As subtle as a flying brick.

Discovering the Internet’s “black holes”

Katz-Bassett has been working on a project called Hubble, a system that
apparently is able to track what he refers to as information black
holes. These are situations where a path between two computers does
exist, but messages – a request to visit a Web site or an outgoing
e-mail – get lost along the way. Katz-Bassett has published a Hubble
map that enables users to monitor such black holes worldwide or simply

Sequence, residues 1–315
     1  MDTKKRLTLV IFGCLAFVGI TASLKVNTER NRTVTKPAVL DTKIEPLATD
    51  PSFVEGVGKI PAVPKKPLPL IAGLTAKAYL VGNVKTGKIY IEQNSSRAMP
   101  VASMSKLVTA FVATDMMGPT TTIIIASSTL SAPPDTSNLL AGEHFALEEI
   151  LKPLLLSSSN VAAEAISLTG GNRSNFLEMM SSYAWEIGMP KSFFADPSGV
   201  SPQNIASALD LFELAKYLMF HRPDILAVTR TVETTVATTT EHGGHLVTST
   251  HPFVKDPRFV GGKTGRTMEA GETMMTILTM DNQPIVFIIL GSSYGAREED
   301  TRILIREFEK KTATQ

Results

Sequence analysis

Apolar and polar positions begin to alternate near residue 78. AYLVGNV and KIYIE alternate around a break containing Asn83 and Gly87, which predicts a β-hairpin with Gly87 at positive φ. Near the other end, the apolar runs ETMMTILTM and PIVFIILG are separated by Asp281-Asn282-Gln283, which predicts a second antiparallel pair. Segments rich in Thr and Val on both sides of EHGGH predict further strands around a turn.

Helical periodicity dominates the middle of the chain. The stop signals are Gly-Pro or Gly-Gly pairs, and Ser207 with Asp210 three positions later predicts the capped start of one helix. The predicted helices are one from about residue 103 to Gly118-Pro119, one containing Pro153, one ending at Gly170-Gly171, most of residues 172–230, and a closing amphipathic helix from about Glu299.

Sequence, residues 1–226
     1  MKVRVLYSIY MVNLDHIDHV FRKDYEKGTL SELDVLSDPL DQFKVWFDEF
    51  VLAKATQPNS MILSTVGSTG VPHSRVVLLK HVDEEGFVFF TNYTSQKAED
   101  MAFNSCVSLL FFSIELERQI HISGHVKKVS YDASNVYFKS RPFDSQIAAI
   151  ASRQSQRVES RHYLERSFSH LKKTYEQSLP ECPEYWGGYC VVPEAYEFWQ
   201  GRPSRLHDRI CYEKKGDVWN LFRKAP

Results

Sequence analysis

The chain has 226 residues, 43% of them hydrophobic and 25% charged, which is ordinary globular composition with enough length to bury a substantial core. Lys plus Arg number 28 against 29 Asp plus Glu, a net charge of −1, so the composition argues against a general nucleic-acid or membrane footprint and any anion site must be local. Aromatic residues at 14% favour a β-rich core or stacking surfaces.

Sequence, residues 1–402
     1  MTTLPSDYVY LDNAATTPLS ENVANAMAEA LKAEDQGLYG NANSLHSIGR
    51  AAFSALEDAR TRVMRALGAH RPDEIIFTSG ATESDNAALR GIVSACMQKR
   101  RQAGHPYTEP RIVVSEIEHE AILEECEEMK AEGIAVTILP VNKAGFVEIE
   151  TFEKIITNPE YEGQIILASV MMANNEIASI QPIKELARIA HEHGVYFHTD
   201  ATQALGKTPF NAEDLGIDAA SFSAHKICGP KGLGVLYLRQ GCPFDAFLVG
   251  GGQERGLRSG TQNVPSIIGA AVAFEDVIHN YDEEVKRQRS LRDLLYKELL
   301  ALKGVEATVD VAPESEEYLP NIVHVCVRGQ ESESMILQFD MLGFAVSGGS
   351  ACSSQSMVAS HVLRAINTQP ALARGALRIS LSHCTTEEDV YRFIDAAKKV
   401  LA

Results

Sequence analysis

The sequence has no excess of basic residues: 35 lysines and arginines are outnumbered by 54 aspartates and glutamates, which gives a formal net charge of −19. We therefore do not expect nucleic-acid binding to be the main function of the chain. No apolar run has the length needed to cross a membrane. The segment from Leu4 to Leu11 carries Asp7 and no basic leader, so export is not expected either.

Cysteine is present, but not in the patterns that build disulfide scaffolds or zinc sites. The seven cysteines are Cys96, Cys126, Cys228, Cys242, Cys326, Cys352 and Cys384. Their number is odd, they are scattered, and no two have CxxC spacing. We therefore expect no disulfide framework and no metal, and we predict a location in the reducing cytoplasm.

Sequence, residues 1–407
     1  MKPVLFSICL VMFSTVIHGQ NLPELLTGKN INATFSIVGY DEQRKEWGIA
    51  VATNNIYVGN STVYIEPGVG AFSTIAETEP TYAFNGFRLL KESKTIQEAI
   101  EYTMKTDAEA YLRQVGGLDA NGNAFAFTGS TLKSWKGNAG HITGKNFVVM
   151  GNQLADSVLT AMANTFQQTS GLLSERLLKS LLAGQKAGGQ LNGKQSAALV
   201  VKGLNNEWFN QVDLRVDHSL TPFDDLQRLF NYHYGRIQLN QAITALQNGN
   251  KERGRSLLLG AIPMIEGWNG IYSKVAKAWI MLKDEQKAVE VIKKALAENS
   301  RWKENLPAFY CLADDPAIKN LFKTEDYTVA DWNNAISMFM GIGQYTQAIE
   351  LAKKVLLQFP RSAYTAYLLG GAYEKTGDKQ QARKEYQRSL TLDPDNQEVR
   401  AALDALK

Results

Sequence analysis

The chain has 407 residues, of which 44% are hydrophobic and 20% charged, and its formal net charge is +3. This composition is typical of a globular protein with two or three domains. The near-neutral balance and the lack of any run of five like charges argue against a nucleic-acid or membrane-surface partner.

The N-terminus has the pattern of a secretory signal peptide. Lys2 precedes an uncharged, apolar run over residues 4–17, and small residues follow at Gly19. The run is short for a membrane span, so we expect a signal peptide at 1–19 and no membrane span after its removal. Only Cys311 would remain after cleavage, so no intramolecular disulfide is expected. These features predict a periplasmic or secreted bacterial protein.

type in a network address to check its status.

To determine a network status, Hubble sends test messages “around
the world” to look for computers that can be reached from some but not
the entire Internet, a situation that is described as “partial
reachability”. Katz-Bassett said that short communication blips are
ignored. However, if a problem surfaces in two consecutive 15-minute
trials, it is listed as a “problem”. The research team found that more
than 7% of computers worldwide experienced this type of error at least
once during a three-week period in fall of 2007.

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